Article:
Deutchman, who also taught the Homecoming and Family Weekend mini-college session, “Who’s In and Who’s Out – The 2014 Midterm Elections,” said she foresees little change as a result of the November vote. Deutchman was asked what kind of impact the upcoming elections will have on partisanship. “In answer to the question, ‘what difference does it make?’ – none,” Deutchman said. “In other words, nothing is going to change as a result.”
Following the dialogue with faculty, Gearan and Carville joined the hosts on stage to discuss political issues that are making headlines at home and internationally. The exchange continued with focus on the impact of the midterm elections.
Reflecting on the outcome of major elections over the course of the past few decades, Carville forecast his expectations for 2016 and the presidential election. Carville said presidential years are much more favorable to Democrats than non-presidential years.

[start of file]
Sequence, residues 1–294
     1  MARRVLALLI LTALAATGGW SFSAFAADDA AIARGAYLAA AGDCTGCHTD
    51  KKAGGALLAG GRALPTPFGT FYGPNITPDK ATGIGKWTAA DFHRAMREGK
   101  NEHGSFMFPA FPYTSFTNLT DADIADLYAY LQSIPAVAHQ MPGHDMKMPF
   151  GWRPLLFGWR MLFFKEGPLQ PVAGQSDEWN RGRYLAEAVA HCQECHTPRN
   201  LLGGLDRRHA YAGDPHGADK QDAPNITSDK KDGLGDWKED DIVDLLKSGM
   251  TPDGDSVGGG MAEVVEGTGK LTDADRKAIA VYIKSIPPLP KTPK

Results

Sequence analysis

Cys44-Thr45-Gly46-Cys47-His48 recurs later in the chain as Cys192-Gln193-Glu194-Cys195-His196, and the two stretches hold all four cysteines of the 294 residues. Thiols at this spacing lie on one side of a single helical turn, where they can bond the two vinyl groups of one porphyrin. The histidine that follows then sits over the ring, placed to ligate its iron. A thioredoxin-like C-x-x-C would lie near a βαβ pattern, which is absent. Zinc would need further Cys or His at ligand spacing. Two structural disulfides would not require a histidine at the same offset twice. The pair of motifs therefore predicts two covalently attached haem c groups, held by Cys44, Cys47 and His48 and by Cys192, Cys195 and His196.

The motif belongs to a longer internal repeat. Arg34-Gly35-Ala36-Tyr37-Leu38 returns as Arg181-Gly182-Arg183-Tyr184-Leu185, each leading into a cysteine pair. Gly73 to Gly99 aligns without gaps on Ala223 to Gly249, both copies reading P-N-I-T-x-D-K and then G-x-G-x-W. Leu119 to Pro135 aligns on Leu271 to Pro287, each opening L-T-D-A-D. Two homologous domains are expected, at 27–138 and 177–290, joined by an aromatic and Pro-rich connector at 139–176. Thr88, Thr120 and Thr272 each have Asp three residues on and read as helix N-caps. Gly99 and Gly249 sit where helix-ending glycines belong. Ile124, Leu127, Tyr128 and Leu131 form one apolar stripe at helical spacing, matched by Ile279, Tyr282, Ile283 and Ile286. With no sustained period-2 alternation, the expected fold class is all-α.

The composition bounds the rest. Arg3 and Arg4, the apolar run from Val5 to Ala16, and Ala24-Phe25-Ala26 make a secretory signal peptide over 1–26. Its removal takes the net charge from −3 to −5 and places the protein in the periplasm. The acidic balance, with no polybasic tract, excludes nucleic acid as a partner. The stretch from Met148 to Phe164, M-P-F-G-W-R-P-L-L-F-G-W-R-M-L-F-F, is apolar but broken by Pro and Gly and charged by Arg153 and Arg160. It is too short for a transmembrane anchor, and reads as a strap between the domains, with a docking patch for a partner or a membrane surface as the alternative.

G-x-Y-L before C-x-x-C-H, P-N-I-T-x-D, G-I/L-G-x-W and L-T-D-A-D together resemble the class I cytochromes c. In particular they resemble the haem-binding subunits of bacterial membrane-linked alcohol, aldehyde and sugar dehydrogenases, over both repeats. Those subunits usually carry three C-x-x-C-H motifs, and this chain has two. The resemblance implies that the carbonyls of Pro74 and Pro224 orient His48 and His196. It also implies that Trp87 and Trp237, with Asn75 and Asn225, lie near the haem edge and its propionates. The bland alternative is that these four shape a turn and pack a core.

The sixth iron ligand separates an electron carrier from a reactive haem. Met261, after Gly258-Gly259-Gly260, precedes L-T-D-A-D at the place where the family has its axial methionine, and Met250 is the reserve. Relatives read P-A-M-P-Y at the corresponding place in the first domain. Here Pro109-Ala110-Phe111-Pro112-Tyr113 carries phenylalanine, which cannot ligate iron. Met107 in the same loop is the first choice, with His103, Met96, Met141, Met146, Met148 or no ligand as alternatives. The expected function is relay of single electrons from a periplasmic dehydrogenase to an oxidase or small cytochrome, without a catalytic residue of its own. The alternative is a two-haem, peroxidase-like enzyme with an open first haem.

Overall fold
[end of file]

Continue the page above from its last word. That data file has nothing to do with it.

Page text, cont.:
“I want to make a point about something we’re talking about that is the number of Democrat incumbents who are up,” Carville said. “It’s what I call the ‘six-year echo.’ If you have a good year, six years from that good year, you’re going to be exposed. And remember that the Democrats had a good year in 2008. Now, who had a monster year in 2010? So, who’s going to have the vulnerable seats in 2016? We may be looking at a situation that the Republicans win the Senate back in 2014 and loose it again in 2016.”
In reference to the election ahead, Gearan said much can change in politics during a five-week period and influences such as the 24-hour news cycle can really make an impact.